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What Exactly Is Feline Parvovirus?

What Exactly Is Feline Parvovirus?

Unfortunately, not many people are aware of this illness. We must educate ourselves as cat parents before bringing home our new pet.

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There have been many unexpected deaths of kittens or adult cats, especially among stray cats.

A few months ago, 20 dead cats were discovered on a beach in Kuala Terengganu. The veterinary services department later confirmed that cause of death was Feline Parvovirus.

READ MORE : 20 Dead Cats Found On Beach, Foul Play Suspected

Unfortunately, not many people are aware of this illness. Before bringing home our furry friend, we must educate ourselves as cat parents.

It breaks the heart of any owner to watch their lively and energetic feline act differently, withdraw, and reject food.

If you have never heard of cat parvo before, this article is for you.

(Credit: freepik)

First Of All, What Is Feline Parvovirus?

According to International Cat Care, feline parvovirus is a virus that can cause serious illness in cats, especially kittens. It can be deadly. The condition is also known as feline infectious enteritis (FIE) and feline panleukopenia.

The feline parvovirus causes diarrhoea, vomiting, and trouble eating and drinking by attacking the cells in your cat’s intestines. Additionally, it targets the bone marrow, resulting in a deficiency in platelets, white blood cells, and red blood cells.

Feline parvovirus infection is one of the most serious health threats to any rescue organization, with a high fatality rate, especially in unvaccinated kittens.

Symptoms For Parvo

  • Inability to eat or drink
  • Diarrhea, either watery or bloody
  • Vomiting or frothing at the mouth
  • Depression and lethargy
  • Early fever, followed by a drop in body temperature
  • Watery discharge from the nose

FETCH stated that after becoming infected, cats typically only pass the parvovirus in their faeces for two days or so. However, some cats continue to excrete this virus for as long as six weeks while still seeming healthy. The environment and other cats who share their home with these carrier cats may become ill.

Your ill cat may linger for a long period in front of their food or water bowl in the early stages of the sickness, unable to eat much.

What Causes Parvo in Cats?

Cats with this disease spread the virus through their poop, urine, and mucus from their noses. The virus can spread to places like cages, bedding, dishes, and people’s hands and clothes. Your cat can get sick from fleas from other cats that are already sick. The virus can live in the environment for months, so your cat can get this disease even if it has never been around a sick cat.

The feline parvovirus can also spread from cat to cat. This is more likely to happen in homes with more than one cat, in animal shelters, pet shops, and other places where more than one cat lives.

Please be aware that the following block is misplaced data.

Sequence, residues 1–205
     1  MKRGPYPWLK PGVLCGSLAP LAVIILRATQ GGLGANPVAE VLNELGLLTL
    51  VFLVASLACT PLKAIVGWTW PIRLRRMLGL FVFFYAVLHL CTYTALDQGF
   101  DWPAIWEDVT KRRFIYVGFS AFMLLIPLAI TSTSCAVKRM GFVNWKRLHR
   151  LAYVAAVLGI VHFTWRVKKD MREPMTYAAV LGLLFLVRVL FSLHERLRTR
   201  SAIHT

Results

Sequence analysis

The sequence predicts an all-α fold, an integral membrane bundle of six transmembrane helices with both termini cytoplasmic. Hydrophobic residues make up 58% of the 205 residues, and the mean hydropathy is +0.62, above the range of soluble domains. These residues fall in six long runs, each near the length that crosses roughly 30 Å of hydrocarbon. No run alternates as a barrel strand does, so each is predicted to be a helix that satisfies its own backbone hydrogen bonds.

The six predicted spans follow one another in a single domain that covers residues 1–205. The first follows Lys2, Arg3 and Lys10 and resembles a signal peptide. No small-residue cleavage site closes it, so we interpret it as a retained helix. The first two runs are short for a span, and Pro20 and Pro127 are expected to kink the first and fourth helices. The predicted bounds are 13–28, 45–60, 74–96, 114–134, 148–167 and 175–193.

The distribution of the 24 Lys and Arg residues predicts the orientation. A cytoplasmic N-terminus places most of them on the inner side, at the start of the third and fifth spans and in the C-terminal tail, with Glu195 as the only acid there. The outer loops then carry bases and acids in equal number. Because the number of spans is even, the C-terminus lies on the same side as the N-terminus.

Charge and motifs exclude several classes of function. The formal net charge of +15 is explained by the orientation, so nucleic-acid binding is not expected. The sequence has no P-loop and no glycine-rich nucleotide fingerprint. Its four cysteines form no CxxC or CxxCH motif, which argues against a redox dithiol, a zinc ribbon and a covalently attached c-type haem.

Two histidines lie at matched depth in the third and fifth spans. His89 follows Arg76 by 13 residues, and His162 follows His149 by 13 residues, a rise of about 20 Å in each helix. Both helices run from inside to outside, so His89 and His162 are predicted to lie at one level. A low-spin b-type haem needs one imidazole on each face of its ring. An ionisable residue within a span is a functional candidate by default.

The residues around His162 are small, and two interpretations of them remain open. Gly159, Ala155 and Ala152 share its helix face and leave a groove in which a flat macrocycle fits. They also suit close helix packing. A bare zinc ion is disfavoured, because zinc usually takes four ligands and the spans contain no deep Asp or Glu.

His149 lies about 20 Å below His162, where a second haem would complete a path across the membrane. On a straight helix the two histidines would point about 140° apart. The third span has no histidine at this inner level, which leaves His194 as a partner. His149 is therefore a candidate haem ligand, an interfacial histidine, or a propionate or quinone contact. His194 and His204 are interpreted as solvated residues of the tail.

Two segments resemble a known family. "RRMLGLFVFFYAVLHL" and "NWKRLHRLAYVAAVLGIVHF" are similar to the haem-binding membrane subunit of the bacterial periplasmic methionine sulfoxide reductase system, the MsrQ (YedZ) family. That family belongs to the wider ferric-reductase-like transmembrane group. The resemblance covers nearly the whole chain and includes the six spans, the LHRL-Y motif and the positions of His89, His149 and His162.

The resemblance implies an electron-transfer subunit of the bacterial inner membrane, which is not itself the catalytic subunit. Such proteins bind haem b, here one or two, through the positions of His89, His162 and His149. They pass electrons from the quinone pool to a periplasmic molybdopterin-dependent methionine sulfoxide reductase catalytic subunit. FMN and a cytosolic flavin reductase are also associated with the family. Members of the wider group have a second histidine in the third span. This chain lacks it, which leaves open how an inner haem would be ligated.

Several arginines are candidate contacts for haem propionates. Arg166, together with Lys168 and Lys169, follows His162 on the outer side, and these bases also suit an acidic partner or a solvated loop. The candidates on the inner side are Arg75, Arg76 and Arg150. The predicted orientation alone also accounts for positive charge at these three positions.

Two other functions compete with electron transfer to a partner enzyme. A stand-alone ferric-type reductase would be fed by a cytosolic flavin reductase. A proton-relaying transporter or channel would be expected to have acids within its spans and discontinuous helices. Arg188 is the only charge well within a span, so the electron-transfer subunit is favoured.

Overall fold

Is It Treatable?

Unfortunately, there is no treatment for it.

But it’s not all disappointing news; there are vaccinations available that are quite effective against parvo, and, if the truth be known, the disease is virtually unheard of in cats who have been vaccinated.


Prevention Is Better Than Cure!

According to Oyen since there is currently no treatment available for the condition, prevention is essential. When kittens are between six and eight weeks old, they should get their first vaccination. After that, they should get a booster shot every three to four weeks until they are between four and five months old.

Don’t stress out too much about the particulars, as your veterinarian will provide you with a correct plan to follow.

Say you want to adopt an adult cat that hasn’t been vaccinated. In that case, your cat only needs two shots about a month apart. For your convenience, these shots are often given together with other vaccines for feline herpesvirus and calicivirus.

Other than vaccinating, spaying/neutering is important for cats too

Spaying or neutering your pets is just as crucial as vaccinations.

To begin with, spaying is just for female cats. Meanwhile, neutering is only for male cats.

Benefits Of Spaying A Female Cat

  • Aids dogs and cats in living longer, healthier lives.
  • No heat cycles, male cats will not be attracted.
  • Less desire to explore
  • The risk of mammary gland tumours, ovarian and/or uterine cancer is lowered or eliminated, particularly when performed before to the first heat cycle.
  • Reduces the quantity of unwanted cats, kittens, dogs, and puppies

Benefits Of Spaying A Male Cat

  • The risk of testicular cancer is decreased, and the incidence of prostate illness is reduced.
  • Less drive to wander, hence less likely to get hurt in fights or car accidents.
  • Reduces or eliminates the possibility of spraying and marking

Vaccinations have helped lower the number of cases of cat parvo in Malaysia, but new cat owners still need to be careful and know about this dangerous and highly contagious illness.

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